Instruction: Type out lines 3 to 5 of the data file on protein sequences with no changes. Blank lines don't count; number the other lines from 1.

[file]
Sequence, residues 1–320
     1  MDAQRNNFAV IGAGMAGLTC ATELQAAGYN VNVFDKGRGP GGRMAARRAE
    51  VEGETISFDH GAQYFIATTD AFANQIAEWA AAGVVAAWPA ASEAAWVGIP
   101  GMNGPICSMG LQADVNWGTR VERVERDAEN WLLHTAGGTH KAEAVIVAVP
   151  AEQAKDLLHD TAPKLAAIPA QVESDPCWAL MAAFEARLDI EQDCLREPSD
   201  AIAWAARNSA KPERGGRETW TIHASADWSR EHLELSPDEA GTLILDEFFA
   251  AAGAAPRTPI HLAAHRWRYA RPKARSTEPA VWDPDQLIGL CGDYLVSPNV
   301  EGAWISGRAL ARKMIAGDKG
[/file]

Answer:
    51  VEGETISFDH GAQYFIATTD AFANQIAEWA AAGVVAAWPA ASEAAWVGIP
   101  GMNGPICSMG LQADVNWGTR VERVERDAEN WLLHTAGGTH KAEAVIVAVP
   151  AEQAKDLLHD TAPKLAAIPA QVESDPCWAL MAAFEARLDI EQDCLREPSD